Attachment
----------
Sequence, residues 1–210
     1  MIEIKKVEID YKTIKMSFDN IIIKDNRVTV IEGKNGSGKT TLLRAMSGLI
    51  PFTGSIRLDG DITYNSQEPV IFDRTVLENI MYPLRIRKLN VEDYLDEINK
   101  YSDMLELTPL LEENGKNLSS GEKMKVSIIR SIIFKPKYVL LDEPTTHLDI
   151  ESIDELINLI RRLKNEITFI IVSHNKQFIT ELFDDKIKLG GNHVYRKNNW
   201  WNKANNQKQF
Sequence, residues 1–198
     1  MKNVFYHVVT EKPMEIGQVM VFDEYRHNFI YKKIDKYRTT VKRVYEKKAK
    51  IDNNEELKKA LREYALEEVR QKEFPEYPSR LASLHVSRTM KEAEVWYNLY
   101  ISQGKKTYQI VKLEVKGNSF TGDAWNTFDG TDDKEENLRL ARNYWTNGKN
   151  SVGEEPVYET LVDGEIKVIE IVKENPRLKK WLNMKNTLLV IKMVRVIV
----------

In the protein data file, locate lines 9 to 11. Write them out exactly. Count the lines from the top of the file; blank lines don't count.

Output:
    51  IDNNEELKKA LREYALEEVR QKEFPEYPSR LASLHVSRTM KEAEVWYNLY
   101  ISQGKKTYQI VKLEVKGNSF TGDAWNTFDG TDDKEENLRL ARNYWTNGKN
   151  SVGEEPVYET LVDGEIKVIE IVKENPRLKK WLNMKNTLLV IKMVRVIV